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A Modified Baseline Incineration Process for Mustard Projectiles at Pueblo Chemical Depot Citizens Advisory Commission The CAC “provides a vital link between the Pueblo community and the Army by providing a forum for exchanging information about chemical weapons disposal. It exists to represent community interests” (U.S. Army, 2000e). The nine CAC members are appointed by and serve terms at the governor’s discretion. They include local business people and citizens, a labor leader, an environmentalist, and a representative of Colorado DPHE; a county commissioner presides. The CAC is funded by DoD but is “independent of Army influence” (U.S. Army, 2000e). At meetings in September and December 2000 attended by members of the Stockpile Committee and PMCD and PMACWA representatives and their contractors attempted to explain the technologies under consideration in the EIS process for the Pueblo site. The technologies and the EIS process are very complex, and some CAC members and members of the audience appeared to be somewhat confused. Personnel associated with the PUCDF project had some difficulty describing clearly the features of the designs and justifications for them, as well as putting levels of risk in perspective. The following concerns were expressed by CAC members about the modified baseline process: the multiple handling of munitions if enhanced reconfiguration were employed (this issue was resolved by the PMCD decision to abandon the enhanced reconfiguration for the modified baseline process) the ability of the modified baseline process to prevent the release of mercury in gas emissions the shipping of energetics for off-site treatment the reasons for accelerating the NEPA EIS decision process Additional meetings are planned to ensure that CAC members understand the technology options. The CAC did not take a position on a choice of technology, but in October 1999, had voted 4–3 (1 abstention, with eight of nine members present) in favor of continuing to pursue the ACWA alternatives. At that time, the county commissioners and city council members indicated a preference for incineration (U.S. Army, 2000b). At the September 2000 CAC meeting, attended by several Stockpile Committee members, five citizens in the audience expressed strong feelings in favor of ACWA alternatives and against incineration. They also expressed dissatisfaction that they were excluded from the WIPT process. Whether others in the community or the CAC agreed or not was not evident, and no one spoke in favor of the incineration option. A 1999 survey of 1,068 randomly chosen Pueblo County residents revealed that a majority favored incineration over the alternatives (Williams et al., 1999). This conclusion was reconfirmed in a follow-up survey after TOCDF experienced a small release of agent in May 2000. Evaluation of Pueblo Stakeholder Relations Based on the committee’s limited contacts, no firm conclusions could be drawn about stakeholder relations. It was evident from comments made at the CAC meetings, however, that the CAC members respect the PCD commander and the depot public affairs officer and were satisfied with PCD operations. It was also evident that some members of the CAC and the public may not understand the merits of the technology alternatives and the risks they may entail. The CSEPP appears to have emergency management activities under control and to enjoy the trust and respect of Pueblo County officials. CSEPP personnel recognize that more needs to be done to develop evacuation routes and procedures and to complete the distribution of early warning radios. The WIPT process appears to be reasonably effective and is attempting to work through regulatory issues as they emerge. The process has been viewed with suspicion by some stakeholders, but opening WIPT meetings to the public may allay such suspicions. Although the PCD commander and staff, along with PMCD, generally enjoy good relations with the Pueblo community, there are apparent communication difficulties that have resulted in lingering confusion about the future. Some misunderstandings seem to have arisen about what would comprise a pilot-scale facility and when it might be installed and tested. The NOI alternatives listed in the NOI published in April 2000 as part of the NEPA process are: A baseline incineration facility, A full-scale facility to pilot test the single-story incineration process, A full-scale facility to pilot test the alternative technology successfully demonstrated by the Assembled Chemical Weapons Assessment Program—neutralization followed by supercritical water oxidation, A full-scale facility to pilot test the alternative technology successfully demonstrated by the Assembled Chemical Weapons Assessment Program—neutralization followed by biodegradation, No action, an alternative which will continue the storage of the mustard agent and munitions at Pueblo Chemical Depot. Some community leaders apparently believe that installation of a small-scale pilot test of one or more of the ACWA alternatives was promised. However, the wording of the NOI implies that, for at least three options, the choice was a “full-scale facility to pilot test.” Finally, concerns have also been expressed by some community members about the safe disposal of condensed heavy metal vapor from incineration-based processes and options for energetics disposal. Finding 4–4. Some community leaders perceive that the office of the Program Manager for Chemical Demilitariza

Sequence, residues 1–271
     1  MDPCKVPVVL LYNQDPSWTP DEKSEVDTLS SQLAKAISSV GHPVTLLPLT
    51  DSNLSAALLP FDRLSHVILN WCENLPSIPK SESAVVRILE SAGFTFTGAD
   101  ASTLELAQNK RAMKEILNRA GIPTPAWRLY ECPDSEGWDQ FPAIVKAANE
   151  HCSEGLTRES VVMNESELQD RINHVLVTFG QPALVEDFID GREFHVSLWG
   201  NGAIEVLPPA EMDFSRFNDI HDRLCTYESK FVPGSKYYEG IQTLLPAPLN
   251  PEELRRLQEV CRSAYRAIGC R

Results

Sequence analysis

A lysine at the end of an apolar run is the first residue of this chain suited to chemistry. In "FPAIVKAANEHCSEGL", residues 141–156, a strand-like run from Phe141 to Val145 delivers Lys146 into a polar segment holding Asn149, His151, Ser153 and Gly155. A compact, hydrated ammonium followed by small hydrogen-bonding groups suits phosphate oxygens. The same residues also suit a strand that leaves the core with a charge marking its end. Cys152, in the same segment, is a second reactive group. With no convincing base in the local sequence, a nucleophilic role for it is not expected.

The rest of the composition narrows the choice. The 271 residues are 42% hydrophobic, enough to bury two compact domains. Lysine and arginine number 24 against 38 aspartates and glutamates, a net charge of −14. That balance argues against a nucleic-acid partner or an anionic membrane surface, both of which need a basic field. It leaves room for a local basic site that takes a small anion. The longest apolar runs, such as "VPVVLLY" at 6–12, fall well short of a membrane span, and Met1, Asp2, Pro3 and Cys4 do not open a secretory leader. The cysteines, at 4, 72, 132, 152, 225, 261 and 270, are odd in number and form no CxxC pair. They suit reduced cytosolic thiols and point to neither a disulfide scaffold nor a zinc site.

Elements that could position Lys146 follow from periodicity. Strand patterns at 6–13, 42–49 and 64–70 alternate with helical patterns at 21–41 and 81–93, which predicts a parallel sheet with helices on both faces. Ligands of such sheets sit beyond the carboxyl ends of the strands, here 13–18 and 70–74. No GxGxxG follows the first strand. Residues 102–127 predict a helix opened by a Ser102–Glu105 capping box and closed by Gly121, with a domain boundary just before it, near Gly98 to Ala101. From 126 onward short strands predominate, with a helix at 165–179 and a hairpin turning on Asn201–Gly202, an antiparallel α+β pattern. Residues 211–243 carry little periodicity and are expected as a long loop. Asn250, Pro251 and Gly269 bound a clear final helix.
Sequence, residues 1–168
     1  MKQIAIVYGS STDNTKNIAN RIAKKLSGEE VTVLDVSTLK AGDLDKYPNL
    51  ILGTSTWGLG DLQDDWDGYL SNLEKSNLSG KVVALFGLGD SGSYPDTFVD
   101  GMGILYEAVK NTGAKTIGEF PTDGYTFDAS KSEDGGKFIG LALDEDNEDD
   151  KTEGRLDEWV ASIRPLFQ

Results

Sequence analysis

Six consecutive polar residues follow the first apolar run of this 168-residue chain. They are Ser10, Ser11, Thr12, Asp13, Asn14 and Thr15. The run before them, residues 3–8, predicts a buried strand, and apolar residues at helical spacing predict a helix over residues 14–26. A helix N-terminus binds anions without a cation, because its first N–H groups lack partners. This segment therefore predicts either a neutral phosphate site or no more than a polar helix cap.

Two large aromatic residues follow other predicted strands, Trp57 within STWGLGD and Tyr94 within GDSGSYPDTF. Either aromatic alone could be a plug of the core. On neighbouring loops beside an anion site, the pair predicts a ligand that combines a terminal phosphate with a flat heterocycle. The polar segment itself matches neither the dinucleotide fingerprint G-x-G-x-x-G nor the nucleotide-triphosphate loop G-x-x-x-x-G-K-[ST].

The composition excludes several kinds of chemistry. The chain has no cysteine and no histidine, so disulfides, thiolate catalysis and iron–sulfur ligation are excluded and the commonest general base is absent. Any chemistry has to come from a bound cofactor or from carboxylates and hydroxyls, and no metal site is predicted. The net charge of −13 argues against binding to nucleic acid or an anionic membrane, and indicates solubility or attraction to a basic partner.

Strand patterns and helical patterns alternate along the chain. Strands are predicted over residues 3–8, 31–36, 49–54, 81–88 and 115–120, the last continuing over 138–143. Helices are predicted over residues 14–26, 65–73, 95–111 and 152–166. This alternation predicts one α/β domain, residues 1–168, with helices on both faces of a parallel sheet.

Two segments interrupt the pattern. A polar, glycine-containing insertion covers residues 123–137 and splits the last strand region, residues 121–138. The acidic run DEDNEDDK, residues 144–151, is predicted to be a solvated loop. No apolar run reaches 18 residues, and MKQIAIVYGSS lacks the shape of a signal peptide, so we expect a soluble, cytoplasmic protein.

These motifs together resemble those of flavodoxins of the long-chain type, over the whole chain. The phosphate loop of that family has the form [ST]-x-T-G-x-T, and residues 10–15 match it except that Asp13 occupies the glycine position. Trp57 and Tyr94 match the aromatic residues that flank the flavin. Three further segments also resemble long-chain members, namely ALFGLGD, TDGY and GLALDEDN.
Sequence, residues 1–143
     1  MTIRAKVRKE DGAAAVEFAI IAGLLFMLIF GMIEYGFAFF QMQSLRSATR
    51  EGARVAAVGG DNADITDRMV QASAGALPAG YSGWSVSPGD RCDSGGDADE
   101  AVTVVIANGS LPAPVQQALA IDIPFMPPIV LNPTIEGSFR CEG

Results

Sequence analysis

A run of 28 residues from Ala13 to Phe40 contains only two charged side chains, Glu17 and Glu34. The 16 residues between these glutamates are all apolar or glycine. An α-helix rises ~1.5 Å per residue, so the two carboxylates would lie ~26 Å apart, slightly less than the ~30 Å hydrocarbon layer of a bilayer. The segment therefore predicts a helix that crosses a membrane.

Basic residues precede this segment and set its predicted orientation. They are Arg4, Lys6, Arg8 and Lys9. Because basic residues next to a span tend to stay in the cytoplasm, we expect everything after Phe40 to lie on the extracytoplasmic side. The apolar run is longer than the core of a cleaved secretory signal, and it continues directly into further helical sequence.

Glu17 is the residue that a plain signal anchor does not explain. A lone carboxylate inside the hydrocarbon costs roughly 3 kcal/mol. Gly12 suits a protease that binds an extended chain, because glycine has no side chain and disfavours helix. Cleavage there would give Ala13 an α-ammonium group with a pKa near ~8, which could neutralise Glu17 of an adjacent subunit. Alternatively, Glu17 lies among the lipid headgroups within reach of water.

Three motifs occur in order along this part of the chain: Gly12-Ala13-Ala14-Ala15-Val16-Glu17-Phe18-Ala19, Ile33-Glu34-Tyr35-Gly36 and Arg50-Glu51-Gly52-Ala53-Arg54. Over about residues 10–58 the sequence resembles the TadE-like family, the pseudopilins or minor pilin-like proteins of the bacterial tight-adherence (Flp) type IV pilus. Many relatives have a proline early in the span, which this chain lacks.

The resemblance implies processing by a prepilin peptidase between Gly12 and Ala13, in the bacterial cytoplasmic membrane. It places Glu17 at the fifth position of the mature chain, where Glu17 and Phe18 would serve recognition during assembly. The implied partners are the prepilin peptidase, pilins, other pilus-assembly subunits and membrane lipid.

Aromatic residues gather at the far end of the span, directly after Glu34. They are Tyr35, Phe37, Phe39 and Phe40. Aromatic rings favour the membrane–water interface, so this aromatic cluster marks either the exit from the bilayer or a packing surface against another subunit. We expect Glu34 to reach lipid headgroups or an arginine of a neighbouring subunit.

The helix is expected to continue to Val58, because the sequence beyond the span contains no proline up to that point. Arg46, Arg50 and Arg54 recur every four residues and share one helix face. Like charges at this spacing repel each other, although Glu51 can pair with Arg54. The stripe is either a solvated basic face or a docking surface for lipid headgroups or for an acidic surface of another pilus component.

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A Modified Baseline Incineration Process for Mustard Projectiles at Pueblo Chemical Depot tion has not been adequately responsive and forthcoming regarding information requests from concerned citizens and CAC members. Presentations to the public describing the modified baseline process have not been as clear or informative as possible. Recommendation 4–4. The Army should make a greater effort to educate the public about possible disposal processes, as well as the relative risk of continued stockpile storage versus disposal. Army officials responsible for the Chemical Stockpile Disposal Program, in close coordination with the commander of the Pueblo Chemical Depot and other local Army representatives, should strive to maintain and improve open communications with the public, the Citizens Advisory Commission, and interest groups. A Review of the Army’s Public Affairs Efforts in Support of the Chemical Stockpile Disposal Program may be used for guidance. The Army should be particularly responsive to questions and requests for information from local officials and other stakeholders, taking every opportunity to discuss the Chemical Stockpile Disposal Program with the public. All presentations for the public and other stakeholders must be targeted, clear, and of a high professional caliber.